Trust is Such an Enormous Word
(An anecdotal review of the Passion Translation of the Bible)
Have you checked out the new Passion Translation (TPT) of the Bible yet? Its website says it is designed to reveal “the deep mysteries of the Scriptures in the love language of God, the language of the heart.” I don’t have the know-how to assess its academic or linguistic accuracy compared to other translations, but it is moving something deep inside me. In a big way.
(I am not saying you should toss or replace other translations, but it’s nice to have something fresh sometimes.)
Compare this brief 3 verse psalm in NIV and TPT from Bible Gateway:
NIV Psalm 131
1 My heart is not proud, Lord,
my eyes are not haughty;
I do not concern myself with great matters
or things too wonderful for me.
2 But I have calmed and quieted myself,
I am like a weaned child with its mother;
like a weaned child I am content.
3 Israel, put your hope in the Lord
both now and forevermore.
TPT Psalm 131
1 Lord, my heart is meek before you.
I don’t consider myself better than others.
I’m content to not pursue matters that are over my head—
such as your complex mysteries and wonders—
that I’m not yet ready to understand.
2 I am humbled and quieted in your presence.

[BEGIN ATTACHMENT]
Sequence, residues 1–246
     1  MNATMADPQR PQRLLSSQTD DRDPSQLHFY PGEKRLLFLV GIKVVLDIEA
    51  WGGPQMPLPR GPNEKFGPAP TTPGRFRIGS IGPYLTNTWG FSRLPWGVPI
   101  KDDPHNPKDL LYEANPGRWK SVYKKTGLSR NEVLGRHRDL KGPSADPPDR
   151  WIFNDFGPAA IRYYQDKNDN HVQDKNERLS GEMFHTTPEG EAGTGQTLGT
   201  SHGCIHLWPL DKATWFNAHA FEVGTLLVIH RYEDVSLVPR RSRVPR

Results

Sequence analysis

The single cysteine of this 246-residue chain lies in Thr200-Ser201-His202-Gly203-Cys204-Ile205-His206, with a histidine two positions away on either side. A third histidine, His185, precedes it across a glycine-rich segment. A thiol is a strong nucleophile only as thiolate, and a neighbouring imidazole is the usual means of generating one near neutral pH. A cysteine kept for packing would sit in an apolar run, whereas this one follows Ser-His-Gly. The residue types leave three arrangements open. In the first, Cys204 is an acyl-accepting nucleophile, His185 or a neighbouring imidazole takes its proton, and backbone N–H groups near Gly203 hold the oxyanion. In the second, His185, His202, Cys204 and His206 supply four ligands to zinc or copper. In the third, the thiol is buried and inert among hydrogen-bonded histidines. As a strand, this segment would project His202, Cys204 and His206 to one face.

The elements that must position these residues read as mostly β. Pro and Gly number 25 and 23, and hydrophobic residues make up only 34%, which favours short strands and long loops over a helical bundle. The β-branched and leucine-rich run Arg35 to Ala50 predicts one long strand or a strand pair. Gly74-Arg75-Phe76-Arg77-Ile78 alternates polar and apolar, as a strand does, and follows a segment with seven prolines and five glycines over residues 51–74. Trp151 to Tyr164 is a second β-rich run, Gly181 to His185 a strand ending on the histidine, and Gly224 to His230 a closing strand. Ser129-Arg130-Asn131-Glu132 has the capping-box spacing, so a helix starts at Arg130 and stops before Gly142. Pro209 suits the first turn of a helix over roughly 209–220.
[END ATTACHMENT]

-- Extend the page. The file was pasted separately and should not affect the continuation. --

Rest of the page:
Like a contented child who rests on its mother’s lap,
I’m your resting child and my soul is content in you.
3 O people of God, your time has come to quietly trust,
waiting upon the Lord now and forever.
The TPT word choice in verse 2 sings to my soul. One of my cherished life practices is allowing time for morning cuddles with my boys. Sometimes I ask my 6 year old twins, “Will you still fit on my lap when you are 7? 8? 9?” (They are still darling enough to say yes.) I welcome those bony-butted octopus hugs and refuse to let anything steal my attention from sharing soul space for a few consecrated moments before the day’s onslaught.
As I notice this tangible sacred experience, it helps me get it… that I am the child resting on my Father’s lap. Or Mother’s lap. (Both images work for me… but more on that another time.) And the next morning, when I sit in silence and stillness for a time of centering prayer, verse 2 perfectly depicts my experience of the felt presence of God.
But back to verse 3, to this trust business. “Your time has come to quietly trust.” Jesus whispers a daybreak invitation in my ear through this poetic passage. He gently extends His hand to me to walk with Him through the day.
Later, in Mark’s telling of the calming of the storm, Jesus’ voice freshly awakens in TPT:
“Haven’t you learned to trust yet?”
Yes, Jesus, you already knew. That is the question of my season, isn’t it?
The question of our season in this world, isn’t it?
Trust is such an enormous word.